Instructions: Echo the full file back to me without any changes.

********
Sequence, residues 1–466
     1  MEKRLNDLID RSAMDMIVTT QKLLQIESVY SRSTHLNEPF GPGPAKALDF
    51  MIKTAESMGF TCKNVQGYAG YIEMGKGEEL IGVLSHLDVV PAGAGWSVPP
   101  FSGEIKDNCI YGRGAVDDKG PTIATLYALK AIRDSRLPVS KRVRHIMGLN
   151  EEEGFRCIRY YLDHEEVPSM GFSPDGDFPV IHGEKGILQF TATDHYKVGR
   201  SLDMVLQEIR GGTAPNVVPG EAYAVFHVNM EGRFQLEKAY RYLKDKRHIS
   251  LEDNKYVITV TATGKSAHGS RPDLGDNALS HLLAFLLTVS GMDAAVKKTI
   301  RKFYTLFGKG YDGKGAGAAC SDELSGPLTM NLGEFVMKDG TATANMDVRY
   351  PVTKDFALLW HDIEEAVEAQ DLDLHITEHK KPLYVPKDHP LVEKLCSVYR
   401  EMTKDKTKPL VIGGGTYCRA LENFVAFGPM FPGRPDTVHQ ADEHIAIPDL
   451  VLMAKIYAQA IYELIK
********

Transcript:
Sequence, residues 1–466
     1  MEKRLNDLID RSAMDMIVTT QKLLQIESVY SRSTHLNEPF GPGPAKALDF
    51  MIKTAESMGF TCKNVQGYAG YIEMGKGEEL IGVLSHLDVV PAGAGWSVPP
   101  FSGEIKDNCI YGRGAVDDKG PTIATLYALK AIRDSRLPVS KRVRHIMGLN
   151  EEEGFRCIRY YLDHEEVPSM GFSPDGDFPV IHGEKGILQF TATDHYKVGR
   201  SLDMVLQEIR GGTAPNVVPG EAYAVFHVNM EGRFQLEKAY RYLKDKRHIS
   251  LEDNKYVITV TATGKSAHGS RPDLGDNALS HLLAFLLTVS GMDAAVKKTI
   301  RKFYTLFGKG YDGKGAGAAC SDELSGPLTM NLGEFVMKDG TATANMDVRY
   351  PVTKDFALLW HDIEEAVEAQ DLDLHITEHK KPLYVPKDHP LVEKLCSVYR
   401  EMTKDKTKPL VIGGGTYCRA LENFVAFGPM FPGRPDTVHQ ADEHIAIPDL
   451  VLMAKIYAQA IYELIK